“Extraordinary and wide-ranging . . . a literary feat that simultaneously builds and excavates identity.”—The New York Times Book Review (Editors’ Choice)
Roxane Gay’s Audacious Book Club Pick • Finalist for the National Book Critics Circle’s John Leonard Prize • An acclaimed writer goes searching for the truth about her wildly unconventional Southern family—and finds that our obsession with ancestors opens up new ways of seeing ourselves—in this “brilliant mix of personal memoir and cultural observation” (The Boston Globe).
ONE OF THE BEST BOOKS OF THE YEAR: The New Yorker, NPR, Time, Entertainment Weekly, The Washington Post, The Boston Globe, The Atlanta Journal-Constitution, Esquire, Garden & Gun
Maud Newton’s ancestors have vexed and fascinated her since she was a girl. Her mother’s father, who came of age in Texas during the Great Depression, was said to have married thirteen times and been shot by one of his wives. Her mother’s grandfather killed a man with a hay hook and died in an institution. Mental illness and religious fanaticism percolated through Maud’s maternal lines back to an ancestor accused of being a witch in Puritan-era Massachusetts. Maud’s father, an aerospace engineer turned lawyer, was an educated man who extolled the virtues of slavery and obsessed over the “purity” of his family bloodline, which he traced back to the Revolutionary War. He tried in vain to control Maud’s mother, a whirlwind of charisma and passion given to feverish projects: thirty rescue cats, and a church in the family’s living room where she performed exorcisms.
Her parents’ divorce, when it came, was a relief. Still, her position at the intersection of her family bloodlines inspired in Newton inspired an anxiety that she could not shake, a fear that she would replicate their damage. She saw similar anxieties in the lives of friends, in the works of writers and artists she admired. As obsessive in her own way as her parents, Newton researched her genealogy—her grandfather’s marriages, the accused witch, her ancestors’ roles in slavery and genocide—and sought family secrets through her DNA. But immersed in census archives and cousin matches, she yearned for deeper truths. Her journey took her into the realms of genetics, epigenetics, and the debates over intergenerational trauma. She mulled over modernity’s dismissal of ancestors along with psychoanalytic and spiritual traditions that center them.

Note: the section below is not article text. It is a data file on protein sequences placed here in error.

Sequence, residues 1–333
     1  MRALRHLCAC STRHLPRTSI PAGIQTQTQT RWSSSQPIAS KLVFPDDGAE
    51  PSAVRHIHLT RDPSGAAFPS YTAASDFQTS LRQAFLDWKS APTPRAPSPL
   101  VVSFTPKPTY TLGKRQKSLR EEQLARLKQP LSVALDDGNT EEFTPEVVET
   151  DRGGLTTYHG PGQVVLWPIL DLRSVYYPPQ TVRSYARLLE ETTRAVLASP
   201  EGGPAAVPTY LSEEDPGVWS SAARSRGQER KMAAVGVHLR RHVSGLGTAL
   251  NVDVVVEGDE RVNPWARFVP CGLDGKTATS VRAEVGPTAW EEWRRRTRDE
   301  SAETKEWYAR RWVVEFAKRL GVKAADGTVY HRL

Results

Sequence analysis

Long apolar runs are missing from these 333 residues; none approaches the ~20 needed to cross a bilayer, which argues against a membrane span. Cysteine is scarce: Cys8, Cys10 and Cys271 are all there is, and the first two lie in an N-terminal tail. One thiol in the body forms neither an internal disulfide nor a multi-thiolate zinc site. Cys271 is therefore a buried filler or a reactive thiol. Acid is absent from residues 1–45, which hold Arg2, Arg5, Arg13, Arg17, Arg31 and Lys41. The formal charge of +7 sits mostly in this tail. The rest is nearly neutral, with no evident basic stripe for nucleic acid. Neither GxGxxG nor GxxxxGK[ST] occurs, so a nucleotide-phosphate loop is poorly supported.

Searching, moving, and inspiring, Ancestor Trouble is one writer’s attempt to use genealogy—a once-niche hobby that has grown into a multi-billion-dollar industry—to expose the secrets and contradictions of her own ancestors, and to argue for the transformational possibilities that reckoning with our ancestors offers all of us.
About the Author
Maud Newton has written for The New York Times Magazine, Harper’s, The New York Times Book Review, and Oxford American. She grew up in Miami and graduated from the University of Florida with degrees in English and law.
“Extraordinary and wide-ranging . . . a literary feat.”—New York Times Book Review
“A rigorous wrestling with the anxieties of ancestry that is as deep as it is broad.”—NPR
“Riveting andtimely.”—Washington Post
“Wide-ranging yet intimate.”—Vanity Fair
“[A] powerful debut.”—Oprah Daily
“In grappling with her history, Newton explores intergenerational trauma, genetics and epigenetics, considering all the ways in which getting to know our ancestors can help us gain perspective on ourselves.”—Time
“At a moment of reckoning over America’s violent history, her book is a salutary call for an ‘acknowledgment genealogy’ of the harms that are hidden in many family trees.”—The Economist
“A guide to the pitfalls and lessons one might encounter on a quest to reconcile the complicated terrain of familial relationships with the simple fact of descendancy.”—Wired
“Newton’s great openness to and evocations of all the journeys she took turn into Ancestor Trouble’s great beauty, poignancy, and power.”—Los Angeles Review of Books
“Ancestor Trouble does what all truly great memoirs do: It takes an intensely personal and at times idiosyncratic story and uses it to frame larger, more complex questions about how identity is formed.”—The New Republic
“Newton is a logical thinker and a hyperacute observer, with a prodigious memory and a lacerating honesty. She’s a transparent and at times lyrical writer.”—LA Times
“With the rigor of a historian and the voice of a mystery writer, Newton pulls the reader into a philosophical exploration of trauma and heritage. . . . A magisterial memoir.”—The Observer
“From a grandfather known to have had 13 marriages to ancestors with mental illnesses to a relative accused of being a witch in Puritanical Massachusetts, her research will keep you hooked (and have you planning your own family tree analysis).”—CNN
“Riveting . . . Masterfully blending memoir and cultural criticism, Newton explores the cultural, scientific, and spiritual dimensions of ancestry, arguing for the transformational power of grappling with our inheritances.”—Esquire